But when it comes to “Audacity Of Hope” – it’s not just the mix that matters. Delivering some of his best lyrics and social-commentary right here on this captivating-cut…the beat is kept minimal, but the message is at its maximum. From the tale told at the beginning of the EP, it sounded as if Dash had been away for a while. And if that’s the case…and if THIS is the kind of material that has brought him back…then I’m all for it; I’ve always said the world needs a lot more leadership through music right now – hopefully people with insight like Dash are up to the task and ready to lead the way. Between “Audacity Of Hope” and “Lost” it seems as if you get some of the best insight into the values that make the man as he takes on international-conflicts & war in the first of the two tracks, and into domestic-abuse and tough personal-situations described through a storyteller’s vibe. I like that you can fully get a grip around what Dash The Baptist is all about on this record…he seems like a guy with his head in the right place and unafraid to speak his mind when it comes to standing up for what is right. Respect!
Where it REALLY all comes together smoothly, perfectly and with rounded-corners gracing every-edge of the mix…is on “Mary & I” – and in many ways…this whole song was the major highlight on this EP in comparison to the rest. I mean…you know RIGHT when your ears hear it – and this song ticks all the boxes on what amazing is all about. The atmosphere & vibe are a heavy, pensive & thoughtful one…and in the midst of it all, Monica Dockery never sounds more beautiful than she does right here in this moment. The way the beat flows, the harmonies in the background, the flow of Dash The Baptist, the lyrics & how they twist-around to the beat…I mean…it’s ALL here on this track – I couldn’t imagine how you could make a single-second of “Mary & I” into a better song – it’s perfect.
“Mary & I” also made it a little tougher for me to jump right back into the brightened-sound of “Real Talk” – I think it’s a decent song…just a hard-act for it to follow. With an uplifting electo-infused vibe, it might just be placement that made it seem out of place somehow…the lyrics & flow are still firing on all-cylinders and Dash The Baptist himself is putting out some of his most confident words through the microphone. Definitely a skilled-emcee…the guy hits the metering with no issues all throughout the EP and continues to entertain track after track. I would have probably put “Real Talk” at the end, or perhaps even before “Mary & I” as I felt like the vibe in “We Are Chemicals” – the EP’s final-cut – matched just a little bit better to the feeling & mood of “Mary & I.”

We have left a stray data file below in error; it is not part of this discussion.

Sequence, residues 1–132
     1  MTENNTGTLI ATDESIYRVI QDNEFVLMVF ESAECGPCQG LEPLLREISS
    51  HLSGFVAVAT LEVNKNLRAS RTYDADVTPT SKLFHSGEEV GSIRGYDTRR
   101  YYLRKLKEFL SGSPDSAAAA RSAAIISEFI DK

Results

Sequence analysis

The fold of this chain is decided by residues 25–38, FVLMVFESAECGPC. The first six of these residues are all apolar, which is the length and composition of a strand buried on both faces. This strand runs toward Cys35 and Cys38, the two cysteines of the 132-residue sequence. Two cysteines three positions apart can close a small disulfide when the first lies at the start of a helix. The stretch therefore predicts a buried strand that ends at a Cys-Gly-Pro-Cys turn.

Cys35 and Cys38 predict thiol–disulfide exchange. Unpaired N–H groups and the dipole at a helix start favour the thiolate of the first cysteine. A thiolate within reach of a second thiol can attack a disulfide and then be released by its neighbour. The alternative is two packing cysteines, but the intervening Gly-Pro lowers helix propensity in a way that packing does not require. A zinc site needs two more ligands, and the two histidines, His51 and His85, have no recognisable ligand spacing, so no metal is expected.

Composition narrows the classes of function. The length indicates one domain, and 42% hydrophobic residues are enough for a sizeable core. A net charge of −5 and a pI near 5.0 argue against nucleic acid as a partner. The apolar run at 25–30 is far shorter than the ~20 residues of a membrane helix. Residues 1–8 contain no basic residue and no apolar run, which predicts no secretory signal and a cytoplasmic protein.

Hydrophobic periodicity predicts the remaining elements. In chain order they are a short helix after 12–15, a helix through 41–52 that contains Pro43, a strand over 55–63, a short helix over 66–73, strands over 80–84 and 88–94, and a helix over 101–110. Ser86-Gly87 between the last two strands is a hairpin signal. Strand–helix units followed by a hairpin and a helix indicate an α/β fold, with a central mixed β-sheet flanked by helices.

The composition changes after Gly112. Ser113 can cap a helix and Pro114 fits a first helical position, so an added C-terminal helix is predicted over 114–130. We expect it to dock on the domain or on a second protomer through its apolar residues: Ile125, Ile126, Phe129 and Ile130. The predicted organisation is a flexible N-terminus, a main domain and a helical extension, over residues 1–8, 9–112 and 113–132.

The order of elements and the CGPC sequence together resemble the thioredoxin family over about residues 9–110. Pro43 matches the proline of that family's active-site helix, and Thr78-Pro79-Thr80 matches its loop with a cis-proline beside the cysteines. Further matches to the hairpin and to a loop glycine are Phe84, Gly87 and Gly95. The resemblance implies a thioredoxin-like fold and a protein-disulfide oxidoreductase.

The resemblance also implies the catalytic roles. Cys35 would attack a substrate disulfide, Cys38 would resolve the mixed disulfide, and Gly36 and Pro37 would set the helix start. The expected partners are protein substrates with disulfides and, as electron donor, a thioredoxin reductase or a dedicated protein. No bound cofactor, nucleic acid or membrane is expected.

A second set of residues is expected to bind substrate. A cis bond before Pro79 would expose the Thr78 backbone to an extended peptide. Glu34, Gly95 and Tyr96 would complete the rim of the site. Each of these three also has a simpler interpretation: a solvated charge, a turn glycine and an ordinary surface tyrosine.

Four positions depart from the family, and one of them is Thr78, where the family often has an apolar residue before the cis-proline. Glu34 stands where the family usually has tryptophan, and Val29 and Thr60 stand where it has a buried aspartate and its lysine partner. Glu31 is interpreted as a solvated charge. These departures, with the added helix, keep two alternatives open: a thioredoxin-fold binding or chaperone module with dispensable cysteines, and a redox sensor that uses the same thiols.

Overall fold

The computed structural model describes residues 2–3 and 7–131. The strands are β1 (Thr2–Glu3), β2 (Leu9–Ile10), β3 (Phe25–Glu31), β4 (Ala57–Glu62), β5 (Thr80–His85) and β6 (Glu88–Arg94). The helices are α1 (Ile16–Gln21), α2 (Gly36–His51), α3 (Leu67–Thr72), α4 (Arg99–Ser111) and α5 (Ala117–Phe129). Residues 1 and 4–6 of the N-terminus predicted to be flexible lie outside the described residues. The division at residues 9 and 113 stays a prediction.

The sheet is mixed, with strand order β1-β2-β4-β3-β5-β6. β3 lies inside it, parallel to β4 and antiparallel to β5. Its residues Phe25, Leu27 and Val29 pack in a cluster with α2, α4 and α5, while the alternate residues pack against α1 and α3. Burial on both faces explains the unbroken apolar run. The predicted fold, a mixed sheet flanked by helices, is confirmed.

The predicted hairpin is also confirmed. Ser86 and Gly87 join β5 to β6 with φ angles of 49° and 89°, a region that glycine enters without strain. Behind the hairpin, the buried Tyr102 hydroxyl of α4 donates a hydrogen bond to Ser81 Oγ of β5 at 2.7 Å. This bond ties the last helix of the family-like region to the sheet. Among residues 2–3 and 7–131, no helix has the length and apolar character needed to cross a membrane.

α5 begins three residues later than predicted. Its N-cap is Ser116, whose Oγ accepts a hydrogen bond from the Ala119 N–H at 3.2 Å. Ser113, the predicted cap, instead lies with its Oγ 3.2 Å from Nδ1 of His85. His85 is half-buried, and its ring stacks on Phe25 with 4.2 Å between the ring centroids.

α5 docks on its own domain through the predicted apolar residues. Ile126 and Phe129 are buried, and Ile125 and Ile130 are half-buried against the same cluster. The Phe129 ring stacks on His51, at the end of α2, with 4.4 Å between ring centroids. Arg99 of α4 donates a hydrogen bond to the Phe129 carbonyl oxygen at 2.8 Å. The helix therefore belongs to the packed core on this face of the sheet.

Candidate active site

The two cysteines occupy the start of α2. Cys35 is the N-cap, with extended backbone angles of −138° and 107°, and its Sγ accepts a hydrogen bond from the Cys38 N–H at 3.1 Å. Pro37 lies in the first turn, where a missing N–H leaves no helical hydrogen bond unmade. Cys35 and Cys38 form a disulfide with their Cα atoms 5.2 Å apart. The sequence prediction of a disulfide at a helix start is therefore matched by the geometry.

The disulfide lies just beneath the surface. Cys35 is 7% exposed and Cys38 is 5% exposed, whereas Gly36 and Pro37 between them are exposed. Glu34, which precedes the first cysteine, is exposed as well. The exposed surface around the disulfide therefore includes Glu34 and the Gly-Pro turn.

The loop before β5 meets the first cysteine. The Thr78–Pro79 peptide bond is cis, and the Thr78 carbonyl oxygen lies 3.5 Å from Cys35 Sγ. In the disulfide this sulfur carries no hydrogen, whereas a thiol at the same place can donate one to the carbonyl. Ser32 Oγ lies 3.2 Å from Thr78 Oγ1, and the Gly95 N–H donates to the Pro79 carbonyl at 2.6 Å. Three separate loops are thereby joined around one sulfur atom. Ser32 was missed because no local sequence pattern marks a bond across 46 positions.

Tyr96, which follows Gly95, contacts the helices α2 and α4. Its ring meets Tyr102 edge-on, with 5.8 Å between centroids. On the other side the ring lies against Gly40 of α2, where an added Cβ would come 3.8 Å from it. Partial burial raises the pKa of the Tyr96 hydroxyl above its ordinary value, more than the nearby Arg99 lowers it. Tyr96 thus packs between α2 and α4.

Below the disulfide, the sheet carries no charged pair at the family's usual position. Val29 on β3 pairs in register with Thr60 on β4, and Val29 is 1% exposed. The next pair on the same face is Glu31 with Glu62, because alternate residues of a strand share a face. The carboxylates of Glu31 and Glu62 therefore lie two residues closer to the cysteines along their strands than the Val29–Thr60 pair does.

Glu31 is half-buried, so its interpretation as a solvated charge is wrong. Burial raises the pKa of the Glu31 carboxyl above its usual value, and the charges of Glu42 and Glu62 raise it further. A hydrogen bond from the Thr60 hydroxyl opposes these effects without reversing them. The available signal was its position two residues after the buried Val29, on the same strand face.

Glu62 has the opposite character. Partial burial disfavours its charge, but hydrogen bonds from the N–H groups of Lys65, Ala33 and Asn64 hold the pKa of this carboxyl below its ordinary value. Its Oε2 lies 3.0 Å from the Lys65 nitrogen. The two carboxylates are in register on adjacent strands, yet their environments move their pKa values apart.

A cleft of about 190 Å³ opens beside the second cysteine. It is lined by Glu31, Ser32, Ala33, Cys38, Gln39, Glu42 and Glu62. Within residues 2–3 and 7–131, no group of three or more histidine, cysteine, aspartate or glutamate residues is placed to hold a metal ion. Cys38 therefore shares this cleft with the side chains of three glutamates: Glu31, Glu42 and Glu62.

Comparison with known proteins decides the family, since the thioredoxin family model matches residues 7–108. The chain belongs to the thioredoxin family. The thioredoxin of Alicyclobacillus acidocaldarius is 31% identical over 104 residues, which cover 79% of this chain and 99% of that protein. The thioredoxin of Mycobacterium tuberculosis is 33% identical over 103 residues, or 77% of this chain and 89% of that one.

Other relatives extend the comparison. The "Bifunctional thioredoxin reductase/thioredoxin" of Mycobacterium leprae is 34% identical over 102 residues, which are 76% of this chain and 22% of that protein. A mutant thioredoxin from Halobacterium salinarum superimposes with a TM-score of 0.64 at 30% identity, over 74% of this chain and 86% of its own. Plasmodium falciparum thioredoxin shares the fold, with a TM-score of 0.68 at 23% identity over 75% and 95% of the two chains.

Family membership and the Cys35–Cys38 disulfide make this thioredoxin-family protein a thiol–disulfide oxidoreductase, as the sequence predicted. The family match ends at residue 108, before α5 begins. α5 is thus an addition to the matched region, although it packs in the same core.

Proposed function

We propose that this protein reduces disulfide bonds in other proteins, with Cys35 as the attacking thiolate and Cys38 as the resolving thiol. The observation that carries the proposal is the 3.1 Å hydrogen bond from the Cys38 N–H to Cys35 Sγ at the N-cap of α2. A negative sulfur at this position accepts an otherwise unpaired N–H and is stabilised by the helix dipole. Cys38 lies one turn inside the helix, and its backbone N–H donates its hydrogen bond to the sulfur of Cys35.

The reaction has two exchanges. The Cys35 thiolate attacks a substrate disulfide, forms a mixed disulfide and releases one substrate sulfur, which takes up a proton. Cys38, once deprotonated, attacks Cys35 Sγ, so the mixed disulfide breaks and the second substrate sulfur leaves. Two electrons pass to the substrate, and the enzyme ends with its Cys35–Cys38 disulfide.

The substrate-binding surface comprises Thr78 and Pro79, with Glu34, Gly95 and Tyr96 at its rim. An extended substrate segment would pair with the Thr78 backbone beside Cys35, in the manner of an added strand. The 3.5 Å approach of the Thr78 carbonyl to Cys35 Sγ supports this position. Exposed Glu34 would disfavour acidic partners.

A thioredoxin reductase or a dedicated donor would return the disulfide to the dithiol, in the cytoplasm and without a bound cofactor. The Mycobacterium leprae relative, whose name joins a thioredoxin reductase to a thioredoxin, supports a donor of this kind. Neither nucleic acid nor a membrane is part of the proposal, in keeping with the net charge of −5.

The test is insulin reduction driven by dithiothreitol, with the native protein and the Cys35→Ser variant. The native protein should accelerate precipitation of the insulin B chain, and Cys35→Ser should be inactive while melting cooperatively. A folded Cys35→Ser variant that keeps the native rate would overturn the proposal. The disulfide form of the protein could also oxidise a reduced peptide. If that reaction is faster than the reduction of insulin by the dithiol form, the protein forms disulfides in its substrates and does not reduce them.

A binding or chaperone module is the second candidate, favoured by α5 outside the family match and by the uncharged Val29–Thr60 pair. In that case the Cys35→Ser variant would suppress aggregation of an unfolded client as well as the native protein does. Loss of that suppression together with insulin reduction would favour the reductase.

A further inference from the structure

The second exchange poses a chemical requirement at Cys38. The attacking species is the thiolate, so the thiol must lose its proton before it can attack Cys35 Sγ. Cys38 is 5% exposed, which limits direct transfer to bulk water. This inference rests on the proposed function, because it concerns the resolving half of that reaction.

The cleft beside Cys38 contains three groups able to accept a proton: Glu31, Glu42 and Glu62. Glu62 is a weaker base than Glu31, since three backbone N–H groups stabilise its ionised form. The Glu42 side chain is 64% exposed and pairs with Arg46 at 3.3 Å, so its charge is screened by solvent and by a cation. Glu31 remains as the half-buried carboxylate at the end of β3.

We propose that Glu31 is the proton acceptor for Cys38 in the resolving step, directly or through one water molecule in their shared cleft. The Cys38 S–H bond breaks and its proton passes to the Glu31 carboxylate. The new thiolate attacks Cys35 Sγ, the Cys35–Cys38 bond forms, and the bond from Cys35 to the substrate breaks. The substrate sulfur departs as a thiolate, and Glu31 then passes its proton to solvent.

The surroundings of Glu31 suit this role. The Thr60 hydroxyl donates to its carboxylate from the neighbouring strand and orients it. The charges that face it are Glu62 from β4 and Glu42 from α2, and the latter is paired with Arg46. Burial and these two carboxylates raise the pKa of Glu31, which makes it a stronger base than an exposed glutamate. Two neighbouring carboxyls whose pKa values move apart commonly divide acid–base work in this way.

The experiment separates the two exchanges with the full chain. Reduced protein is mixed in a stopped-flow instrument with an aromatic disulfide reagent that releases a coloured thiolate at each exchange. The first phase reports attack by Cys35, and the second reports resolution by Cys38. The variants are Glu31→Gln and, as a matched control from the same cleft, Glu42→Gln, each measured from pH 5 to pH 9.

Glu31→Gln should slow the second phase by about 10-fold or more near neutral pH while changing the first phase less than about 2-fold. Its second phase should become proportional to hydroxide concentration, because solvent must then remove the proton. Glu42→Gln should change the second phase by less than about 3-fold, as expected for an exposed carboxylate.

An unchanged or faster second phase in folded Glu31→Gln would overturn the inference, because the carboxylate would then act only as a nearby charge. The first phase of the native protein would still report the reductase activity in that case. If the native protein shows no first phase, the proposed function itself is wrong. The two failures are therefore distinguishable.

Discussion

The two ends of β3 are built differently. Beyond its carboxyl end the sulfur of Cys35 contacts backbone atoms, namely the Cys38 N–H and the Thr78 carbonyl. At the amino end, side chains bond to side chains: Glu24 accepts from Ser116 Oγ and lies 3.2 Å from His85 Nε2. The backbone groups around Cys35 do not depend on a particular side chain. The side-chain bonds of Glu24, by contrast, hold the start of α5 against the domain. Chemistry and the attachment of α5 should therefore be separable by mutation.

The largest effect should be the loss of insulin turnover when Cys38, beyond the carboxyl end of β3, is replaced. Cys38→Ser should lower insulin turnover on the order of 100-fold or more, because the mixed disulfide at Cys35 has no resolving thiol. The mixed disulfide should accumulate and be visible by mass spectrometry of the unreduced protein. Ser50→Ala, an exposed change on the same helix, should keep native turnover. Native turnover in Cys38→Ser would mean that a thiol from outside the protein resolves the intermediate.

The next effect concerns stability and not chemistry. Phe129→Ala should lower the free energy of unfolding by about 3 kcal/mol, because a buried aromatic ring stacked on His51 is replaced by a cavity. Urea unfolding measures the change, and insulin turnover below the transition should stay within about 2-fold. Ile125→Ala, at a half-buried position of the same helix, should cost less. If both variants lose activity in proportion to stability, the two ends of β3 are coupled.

It would be hard to argue as well that “Real Talk” would make for anywhere close to as satisfying an ending as “We Are Chemicals” ends up being. The most delicate & fragile melody once again leads the way for Dash The Baptist to communicate his messages & words clearly…though I’ll say as well, mix-wise this one sets his vocals a little further back in the mix overall, which actually makes it a little more difficult to make out the words without a little extra volume in comparison to the rest. Featuring the vocals & samples from We Are Aerials…Dash The Baptist has definitely discovered the right way to end an EP with impact…the final thoughts and fade out of this song’s melody lead you into a deafening-silence of inner-thoughts once the record ends.
It’s a well-rounded effort and a solid record that really doesn’t leave much to complain about. Dash The Baptist seems like a great guy with good intentions and smart insight on the world today…courageous enough to speak his mind in these songs and do his part to change the world for the better. You gotta respect that to begin with…but then when combined with precision-flow, excellent talent backing him up and smart lyrics that make you think some? Sign me up for that, every time.
Find out more from his official Facebook page here: https://www.facebook.com/ddashflow